Students interested in Engineering transfer will find information here.
The Engineering Technology program at BSC prepares students for immediate employment as surveying technicians, engineering technicians, CAD technicians, materials testing technicians, or related entry level technician positions in engineering and construction related industries. Lecture courses in surveying technique and principles and practices of land surveying prepare students for opportunities within the surveying profession, and our industry-sponsored surveying laboratory provides students with a broad range of traditional and modern surveying equipment. Computer aided design (CAD) and Global Information Systems (GIS) courses prepare students to use modern hardware and software to produce 2-D and 3-D drawings, models, maps, and plans. Lecture and hands-on laboratory courses in materials testing give students the opportunity to learn industry standard field and laboratory testing procedures of construction related materials. Related coursework introduces students to fundamentals and computation techniques of water and wastewater treatment, elementary structural analysis, project development, and construction management. Additional courses in technical writing, communications, mathematics, and psychology complete the curriculum.
Students will benefit from many recent updates to the facilities and equipment used in the Engineering Technology program. Lecture courses and CAD courses are located in newer classroom and laboratory areas in the NECE building. Surveying labs use modern equipment including total stations, robotic/spatial total stations, GPS survey receivers, scanners, and data collectors. Hands-on structural analysis and material testing labs are held in a new fully equipped laboratory facility in the Armory.
For students interested in surveying as a profession, the Engineering Technology program meets the ND State Board of Registration for Professional Engineers and Land Surveyors "board-approved" educational requirements for individuals on the professional licensure path who have earned an associate degree.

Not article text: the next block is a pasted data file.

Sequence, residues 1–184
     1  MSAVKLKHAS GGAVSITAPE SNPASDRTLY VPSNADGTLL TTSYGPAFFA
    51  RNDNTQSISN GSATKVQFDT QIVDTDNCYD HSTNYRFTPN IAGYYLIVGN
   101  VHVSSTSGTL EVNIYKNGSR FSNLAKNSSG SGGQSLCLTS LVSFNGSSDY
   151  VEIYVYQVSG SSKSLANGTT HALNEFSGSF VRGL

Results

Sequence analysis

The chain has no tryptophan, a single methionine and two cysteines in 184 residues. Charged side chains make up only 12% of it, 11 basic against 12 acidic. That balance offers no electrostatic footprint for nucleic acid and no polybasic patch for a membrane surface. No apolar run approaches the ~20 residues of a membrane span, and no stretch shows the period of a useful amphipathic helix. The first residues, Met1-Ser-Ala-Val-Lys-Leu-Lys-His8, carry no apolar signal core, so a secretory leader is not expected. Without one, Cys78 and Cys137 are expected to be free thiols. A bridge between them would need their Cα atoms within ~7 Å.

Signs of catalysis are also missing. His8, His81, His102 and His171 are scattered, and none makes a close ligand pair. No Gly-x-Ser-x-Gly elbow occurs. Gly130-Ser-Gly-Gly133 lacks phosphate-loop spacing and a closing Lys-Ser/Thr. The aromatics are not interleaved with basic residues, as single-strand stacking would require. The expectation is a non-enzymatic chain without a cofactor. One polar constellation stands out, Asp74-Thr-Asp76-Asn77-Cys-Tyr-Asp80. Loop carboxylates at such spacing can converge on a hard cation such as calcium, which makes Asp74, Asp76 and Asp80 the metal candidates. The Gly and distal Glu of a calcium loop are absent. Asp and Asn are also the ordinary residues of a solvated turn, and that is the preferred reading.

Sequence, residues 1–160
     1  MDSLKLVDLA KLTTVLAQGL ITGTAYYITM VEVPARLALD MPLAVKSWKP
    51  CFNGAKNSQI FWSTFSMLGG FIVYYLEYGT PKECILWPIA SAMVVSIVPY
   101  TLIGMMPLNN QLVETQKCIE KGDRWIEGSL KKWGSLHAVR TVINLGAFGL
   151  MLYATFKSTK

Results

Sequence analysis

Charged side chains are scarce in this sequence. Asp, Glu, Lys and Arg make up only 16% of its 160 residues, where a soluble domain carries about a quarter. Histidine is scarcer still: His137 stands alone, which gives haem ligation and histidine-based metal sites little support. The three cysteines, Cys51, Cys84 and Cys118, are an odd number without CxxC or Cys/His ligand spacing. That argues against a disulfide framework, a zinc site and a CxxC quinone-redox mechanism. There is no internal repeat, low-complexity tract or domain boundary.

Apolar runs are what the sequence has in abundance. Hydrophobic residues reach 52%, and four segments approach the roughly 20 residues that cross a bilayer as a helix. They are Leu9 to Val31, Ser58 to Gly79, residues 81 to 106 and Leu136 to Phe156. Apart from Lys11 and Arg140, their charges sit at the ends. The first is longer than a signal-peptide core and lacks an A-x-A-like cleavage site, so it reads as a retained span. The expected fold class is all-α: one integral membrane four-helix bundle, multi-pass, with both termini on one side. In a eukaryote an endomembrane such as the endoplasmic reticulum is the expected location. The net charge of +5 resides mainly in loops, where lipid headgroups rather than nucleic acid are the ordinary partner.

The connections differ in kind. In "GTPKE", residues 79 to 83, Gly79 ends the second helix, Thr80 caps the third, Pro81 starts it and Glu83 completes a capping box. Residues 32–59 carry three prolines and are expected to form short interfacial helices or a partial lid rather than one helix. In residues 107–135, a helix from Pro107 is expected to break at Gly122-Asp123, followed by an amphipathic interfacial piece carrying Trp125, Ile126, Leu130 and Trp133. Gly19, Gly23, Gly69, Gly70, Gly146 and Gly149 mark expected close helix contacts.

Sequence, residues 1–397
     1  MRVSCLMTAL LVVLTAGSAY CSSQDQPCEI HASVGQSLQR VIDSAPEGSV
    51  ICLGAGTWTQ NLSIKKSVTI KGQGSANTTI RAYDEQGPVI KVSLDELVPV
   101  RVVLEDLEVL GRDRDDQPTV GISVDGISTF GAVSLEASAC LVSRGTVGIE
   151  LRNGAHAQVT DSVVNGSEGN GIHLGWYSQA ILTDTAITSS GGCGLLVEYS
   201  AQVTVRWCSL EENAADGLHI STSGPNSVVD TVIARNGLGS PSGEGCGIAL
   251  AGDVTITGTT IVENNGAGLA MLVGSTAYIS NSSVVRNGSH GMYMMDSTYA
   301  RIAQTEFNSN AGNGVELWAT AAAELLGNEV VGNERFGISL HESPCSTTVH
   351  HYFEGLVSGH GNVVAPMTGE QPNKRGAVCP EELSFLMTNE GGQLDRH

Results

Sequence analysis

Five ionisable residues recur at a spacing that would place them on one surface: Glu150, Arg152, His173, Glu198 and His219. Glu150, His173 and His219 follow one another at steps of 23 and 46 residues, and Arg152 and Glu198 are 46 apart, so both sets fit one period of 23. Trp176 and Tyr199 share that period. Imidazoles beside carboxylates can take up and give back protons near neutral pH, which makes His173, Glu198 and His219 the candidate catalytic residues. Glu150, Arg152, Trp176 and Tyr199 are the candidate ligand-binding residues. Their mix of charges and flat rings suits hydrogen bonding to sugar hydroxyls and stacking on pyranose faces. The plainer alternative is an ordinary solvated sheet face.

Those who may pursue a four-year engineering degree at a later date should consider course modifications in consultation with the Engineering Technology program coordinator.
GIS Certificate Option
By adding two more courses, students can complete a GIS Certificate of Completion. Refer to Geographic Information Systems Technician for complete details on the certificate of completion.
Engineering technicians do the hands-on work related to engineering and/or construction. Incoming or potential students should have an interest in mathematics, computers, technology and construction.
Students who complete the program requirements earn an Associate in Applied Science degree.
Enrollees should be able to perform laboratory exercises inside or outside during the school year and be able to lift light equipment and material loads.
As indicated in the curriculum, MATH 107 (Pre-Calculus) is taken the first semester of freshman year. Students not prepared to start MATH 107 may require additional courses and/or time to complete the degree.
Although there are computer labs on campus for instructional and lab use, students may wish to own or have access to a personal computer. For many of the program courses, students can access full or academic versions of the software used in class for little to no cost from the software companies. However, students should be aware that personal computers used for this purpose should have sufficient speed and storage capacity since the software used is very hardware intensive. Recommended minimum computer hardware requirements for students using personal computers can be found on BSC's website.
The Engineering Technology program prepares graduates for immediate employment as surveying technicians, engineering technicians, CAD technicians, and materials testing technicians in a high demand employment sector. Potential employers include federal, state, county, or local governments; surveying firms; engineering firms; testing firms; utilities; mining and power companies; and construction firms.